Wagner - Das Rheingold

Teatro alla Scala, Milan, Saturday May 29, 2010

Conductor: Daniel Barenboim. Production: Guy Cassiers. Sets: Guy Cassiers and Enrico Bagnoli. Costumes: Tim Van Steenbergen. Lighting: Enrico Bagnoli. Videos: Arjen Klerkx and Kurt d'Haeseleer. Coreography: Sidi Larbi Cherkaoui. Wotan: René Pape. Donner: Jan Buchwald. Froh: Marco Jentzsch. Loge: Stephan Rügamer. Alberich: Johannes Martin Kränzle. Mime: Wolfgang Ablinger-Sperrhacke. Fasolt: Tigran Martirossian. Fafner: Timo Riihonen. Fricka: Doris Soffel. Freia: Anna Samuil. Erda: Anna Larsson. Woglinde: Aga Mikolaj. Wellgunde: Maria Gortsevskaya. Flosshilde: Marina Prudenskaya. Orchestra and Chorus of the Teatro alla Scala, Milan.

An excellent (supposedly working) week in Italy, which had already taken in Maria Stuarda in Palermo, ended on the (very) high point - again thanks to my extraordinarily hospitable colleagues there – of Das Rheingold at La Scala, conducted by Barenboim. Well, not quite “ended,” as once more there was a delicious Italian dinner afterwards in the most entertaining company, but this is an opera blog, not a food column, so Das Rheingold it will be.

I had joked, when a Facebook friend mentioned my week of “lovely operas,” that “lovely opera” hardly seemed right for Rheingold. Yet that is what, under Barenboim and intriguingly to me, it became. I’m no rabid Wagnerian (or Wagnerite: that always gets their goat), far from it. But never before had I heard Wagner as I heard it last night, played as German high Romanticism of sheer loveliness and sung like Lieder – by a cast, as you can see, of a very high order. I say ‘high Romanticism,” not “late” and even less “post,” as this to me was the amiable Germany of Schumann and, in his sunnier moments, Brahms. I rarely go in for visual metaphors (and am not, strictly speaking, a nature-lover), but elsewhere, commenting on my evening out early this morning, I did say it was like basking in a landscape of mountains, forests and rivers... perhaps an idealised one in a great painting or tapestry. Now of course, someone who really knows how Wagner should be played, some self-appointed online Wagnerian guru, might rage that Barenboim had got it all wrong, that singing Wagner like Lieder is a travesty and the cast were all duds (not to mention what he might have to say about the staging and Sidi Larbi Cherkaoui’s ballets). But as far as I’m concerned, as the average opera-going ignoramus (OK, OK, I know we aren’t supposed to call the hallowed Ring opera), in La Scala’s gorgeous acoustics, with the orchestra on outstanding form and with this cast, it was really a privilege to be there.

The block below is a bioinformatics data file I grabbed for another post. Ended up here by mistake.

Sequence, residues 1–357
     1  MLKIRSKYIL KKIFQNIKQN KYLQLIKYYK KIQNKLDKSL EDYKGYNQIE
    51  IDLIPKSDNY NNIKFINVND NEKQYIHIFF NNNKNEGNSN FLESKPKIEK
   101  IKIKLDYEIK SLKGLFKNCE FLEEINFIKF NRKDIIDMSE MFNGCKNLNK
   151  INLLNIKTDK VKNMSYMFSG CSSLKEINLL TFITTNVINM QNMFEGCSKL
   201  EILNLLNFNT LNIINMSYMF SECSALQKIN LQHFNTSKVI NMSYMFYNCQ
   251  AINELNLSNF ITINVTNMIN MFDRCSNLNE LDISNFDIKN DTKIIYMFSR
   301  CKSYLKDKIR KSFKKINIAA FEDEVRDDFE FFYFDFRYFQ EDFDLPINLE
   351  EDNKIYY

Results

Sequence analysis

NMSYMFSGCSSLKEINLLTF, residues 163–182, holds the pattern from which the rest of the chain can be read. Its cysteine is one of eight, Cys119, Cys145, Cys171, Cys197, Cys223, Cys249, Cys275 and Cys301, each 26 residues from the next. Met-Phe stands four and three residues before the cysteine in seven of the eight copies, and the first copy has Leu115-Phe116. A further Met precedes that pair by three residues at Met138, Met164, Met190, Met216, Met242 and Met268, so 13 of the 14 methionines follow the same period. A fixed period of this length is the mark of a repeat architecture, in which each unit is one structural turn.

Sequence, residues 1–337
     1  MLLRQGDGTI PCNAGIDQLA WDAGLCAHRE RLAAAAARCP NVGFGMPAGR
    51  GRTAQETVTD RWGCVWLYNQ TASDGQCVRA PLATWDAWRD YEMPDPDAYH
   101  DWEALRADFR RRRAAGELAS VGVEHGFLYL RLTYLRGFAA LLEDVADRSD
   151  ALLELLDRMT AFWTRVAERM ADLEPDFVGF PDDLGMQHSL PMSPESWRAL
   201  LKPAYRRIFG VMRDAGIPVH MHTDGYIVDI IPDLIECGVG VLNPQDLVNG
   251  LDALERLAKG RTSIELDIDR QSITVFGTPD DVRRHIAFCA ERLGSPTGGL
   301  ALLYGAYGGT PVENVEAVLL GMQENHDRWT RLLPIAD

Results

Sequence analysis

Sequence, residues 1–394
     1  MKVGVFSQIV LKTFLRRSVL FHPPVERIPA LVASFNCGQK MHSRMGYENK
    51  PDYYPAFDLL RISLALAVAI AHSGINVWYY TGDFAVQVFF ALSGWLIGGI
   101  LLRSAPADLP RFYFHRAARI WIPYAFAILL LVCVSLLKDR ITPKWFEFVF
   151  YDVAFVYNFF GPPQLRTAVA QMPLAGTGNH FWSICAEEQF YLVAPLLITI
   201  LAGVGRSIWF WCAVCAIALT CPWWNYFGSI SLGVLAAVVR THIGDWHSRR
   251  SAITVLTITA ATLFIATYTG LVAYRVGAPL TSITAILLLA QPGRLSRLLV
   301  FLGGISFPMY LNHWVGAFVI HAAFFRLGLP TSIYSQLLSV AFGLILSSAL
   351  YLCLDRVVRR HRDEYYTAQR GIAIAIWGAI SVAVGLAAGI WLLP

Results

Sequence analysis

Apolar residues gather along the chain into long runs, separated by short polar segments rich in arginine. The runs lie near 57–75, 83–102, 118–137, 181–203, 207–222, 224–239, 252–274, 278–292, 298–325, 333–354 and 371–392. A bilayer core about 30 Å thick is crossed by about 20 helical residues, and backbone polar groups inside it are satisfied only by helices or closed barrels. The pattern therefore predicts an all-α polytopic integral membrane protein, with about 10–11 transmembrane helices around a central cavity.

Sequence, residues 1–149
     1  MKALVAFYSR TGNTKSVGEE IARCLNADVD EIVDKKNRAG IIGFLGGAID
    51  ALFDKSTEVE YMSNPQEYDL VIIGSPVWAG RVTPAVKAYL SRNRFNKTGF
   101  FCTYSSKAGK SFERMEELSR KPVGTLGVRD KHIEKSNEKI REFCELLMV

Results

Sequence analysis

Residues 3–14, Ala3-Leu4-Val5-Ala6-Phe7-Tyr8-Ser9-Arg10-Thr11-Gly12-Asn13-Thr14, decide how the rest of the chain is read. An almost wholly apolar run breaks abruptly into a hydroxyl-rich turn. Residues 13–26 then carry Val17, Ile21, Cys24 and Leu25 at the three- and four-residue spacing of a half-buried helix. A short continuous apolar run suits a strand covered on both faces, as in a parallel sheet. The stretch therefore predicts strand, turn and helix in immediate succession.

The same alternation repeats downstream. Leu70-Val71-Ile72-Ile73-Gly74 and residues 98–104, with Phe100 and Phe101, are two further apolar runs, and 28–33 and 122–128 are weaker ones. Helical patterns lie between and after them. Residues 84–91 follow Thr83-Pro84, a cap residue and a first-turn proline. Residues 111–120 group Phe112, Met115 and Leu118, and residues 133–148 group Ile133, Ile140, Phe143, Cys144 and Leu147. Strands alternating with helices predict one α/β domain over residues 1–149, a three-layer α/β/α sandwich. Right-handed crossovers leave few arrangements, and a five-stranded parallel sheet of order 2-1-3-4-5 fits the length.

I thought I might save myself some effort and keep things short by saying that the cast made such a good team, consistent in (super) singing and (super) acting quality, that there was no point in singling anyone out: we could move directly to the production. But I know, for example, that at least one fan (of the singer, not of my writings) wants to know how Rene Pape fared. Well, Rene Pape isn’t quite what he was, but what he is is very good indeed (and a great deal better than what we got in Paris: comparing 2010’s Rheingolds and concluding easily but with a sigh that Milan is going to get a better run than Paris, one friend of mine declared “I’m fed up with Joel”) and certainly good enough for me. His presence remains commanding, his facial expressiveness remains fascinating and though he may sing with a touch less force, he continues to sing with the customary humanity and elegance.